Is it possible to use 'than' instead of 'as' here?
Yes, they are equally grammatically correct. However, as and than have completely different meanings in this context.
It would be spoken more as
This construction talks about the correct way to phrase something; which words to choose. It can also be said as:
- It would be spoken more like
- It would be spoken more along the lines of
- It would be spoken more in the manner of
Here, as creates an equivalency relation. What comes after is more or less the same as what comes before; the correct way to say it, in this case. The context tells us in this case that the sentence is comparing ways of speaking; as can be used to equate any two comparable things or qualities.
It would be spoken more than
This construction talks about which of the two is said more often. It means the same as:
- It would be spoken more often than
- It would be spoken more commonly than
- It would be spoken with greater frequency than
Using than creates a frequency relation in this case. It compares the incidence rates of the subject and object. However, than does not always talk about frequency; it can be used for any general comparison of amounts or quantities. In this case, we infer that it means more often than from the context.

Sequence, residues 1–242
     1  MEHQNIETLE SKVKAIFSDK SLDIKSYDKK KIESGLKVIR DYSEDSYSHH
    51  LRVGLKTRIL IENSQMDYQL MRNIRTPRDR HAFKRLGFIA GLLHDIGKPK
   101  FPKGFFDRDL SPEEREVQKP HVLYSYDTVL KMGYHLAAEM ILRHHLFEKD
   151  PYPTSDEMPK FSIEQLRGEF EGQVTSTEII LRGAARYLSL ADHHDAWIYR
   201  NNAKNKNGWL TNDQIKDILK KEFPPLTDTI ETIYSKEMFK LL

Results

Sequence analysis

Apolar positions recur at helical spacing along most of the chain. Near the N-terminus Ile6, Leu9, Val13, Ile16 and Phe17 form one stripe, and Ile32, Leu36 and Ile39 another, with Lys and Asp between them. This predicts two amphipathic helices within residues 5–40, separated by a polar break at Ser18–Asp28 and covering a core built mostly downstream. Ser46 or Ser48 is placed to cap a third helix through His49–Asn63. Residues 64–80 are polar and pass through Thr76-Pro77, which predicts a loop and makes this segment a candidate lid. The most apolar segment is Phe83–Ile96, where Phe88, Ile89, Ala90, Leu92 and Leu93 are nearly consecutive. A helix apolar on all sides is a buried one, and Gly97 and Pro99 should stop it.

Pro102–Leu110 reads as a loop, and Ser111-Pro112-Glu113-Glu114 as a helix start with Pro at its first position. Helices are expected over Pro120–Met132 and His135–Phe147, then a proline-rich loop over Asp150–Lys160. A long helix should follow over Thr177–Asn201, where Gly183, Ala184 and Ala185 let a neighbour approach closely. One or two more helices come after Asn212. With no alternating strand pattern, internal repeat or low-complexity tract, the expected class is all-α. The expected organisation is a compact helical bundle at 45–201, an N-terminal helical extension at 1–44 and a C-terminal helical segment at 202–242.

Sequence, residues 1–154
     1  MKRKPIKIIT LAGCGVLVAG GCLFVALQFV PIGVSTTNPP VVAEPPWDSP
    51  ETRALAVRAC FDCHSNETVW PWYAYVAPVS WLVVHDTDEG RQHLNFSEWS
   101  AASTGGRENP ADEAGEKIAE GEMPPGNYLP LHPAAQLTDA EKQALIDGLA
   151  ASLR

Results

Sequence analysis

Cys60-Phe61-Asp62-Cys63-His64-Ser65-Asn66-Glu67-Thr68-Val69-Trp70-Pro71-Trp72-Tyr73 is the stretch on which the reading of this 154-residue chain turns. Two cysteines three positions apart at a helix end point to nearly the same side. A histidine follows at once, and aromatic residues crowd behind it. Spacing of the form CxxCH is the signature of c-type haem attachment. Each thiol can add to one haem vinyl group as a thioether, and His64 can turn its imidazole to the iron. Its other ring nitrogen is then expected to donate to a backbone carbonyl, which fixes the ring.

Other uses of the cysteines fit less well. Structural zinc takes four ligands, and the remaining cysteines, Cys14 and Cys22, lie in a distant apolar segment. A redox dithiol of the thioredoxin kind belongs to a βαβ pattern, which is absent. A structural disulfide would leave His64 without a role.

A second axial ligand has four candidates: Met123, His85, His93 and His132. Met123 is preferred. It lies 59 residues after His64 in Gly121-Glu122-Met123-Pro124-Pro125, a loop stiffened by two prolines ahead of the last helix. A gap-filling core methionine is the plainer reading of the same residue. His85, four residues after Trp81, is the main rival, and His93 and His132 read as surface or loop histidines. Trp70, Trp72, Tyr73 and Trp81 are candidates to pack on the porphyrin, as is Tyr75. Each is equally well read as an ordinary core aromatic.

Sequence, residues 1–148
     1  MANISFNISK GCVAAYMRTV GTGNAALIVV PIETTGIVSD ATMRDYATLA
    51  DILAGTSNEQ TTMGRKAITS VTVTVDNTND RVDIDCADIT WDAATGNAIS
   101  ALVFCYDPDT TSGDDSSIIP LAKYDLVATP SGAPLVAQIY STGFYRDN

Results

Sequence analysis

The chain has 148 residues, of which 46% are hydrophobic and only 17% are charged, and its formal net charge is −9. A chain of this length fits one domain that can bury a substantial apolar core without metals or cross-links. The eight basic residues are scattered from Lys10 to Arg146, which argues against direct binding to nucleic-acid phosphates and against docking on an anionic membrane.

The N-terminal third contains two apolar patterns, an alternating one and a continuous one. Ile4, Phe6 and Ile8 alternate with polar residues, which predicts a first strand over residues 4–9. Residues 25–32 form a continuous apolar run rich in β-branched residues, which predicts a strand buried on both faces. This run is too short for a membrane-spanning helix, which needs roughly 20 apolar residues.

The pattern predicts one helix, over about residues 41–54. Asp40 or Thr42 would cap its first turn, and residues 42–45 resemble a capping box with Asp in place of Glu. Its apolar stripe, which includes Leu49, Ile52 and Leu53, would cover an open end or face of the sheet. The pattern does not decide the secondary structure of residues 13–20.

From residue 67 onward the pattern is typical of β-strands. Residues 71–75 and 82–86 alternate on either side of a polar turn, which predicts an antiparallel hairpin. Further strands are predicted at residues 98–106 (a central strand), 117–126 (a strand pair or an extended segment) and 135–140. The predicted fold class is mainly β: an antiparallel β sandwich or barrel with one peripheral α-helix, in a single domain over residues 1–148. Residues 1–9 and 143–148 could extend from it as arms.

Is there certain time I should only use 'as', not 'than'?
This is extremely difficult to answer, because it depends almost entirely on what you want to say and how you want to say it. Notice how in your example the meaning changes entirely (word choice versus usage frequency) as the result of such a minor edit? This happens because the context is just that important.
As and than have different meanings when considered as single words. But we never use them in isolation; they simply don't function as interjections or ejaculations. And it's both easy and common to construct phrases which might appear similar to a non-native speaker but have quite different meanings, or vice versa.
However, in general, you might consider these rules of thumb:
- As creates a relationship that conveys more or less equal or equivalent
- Than creates a relationship that compares magnitudes or amounts which are usually different; greater than or less than
These are absolutely not hard and fast rules, merely a general approximation of the most common usages.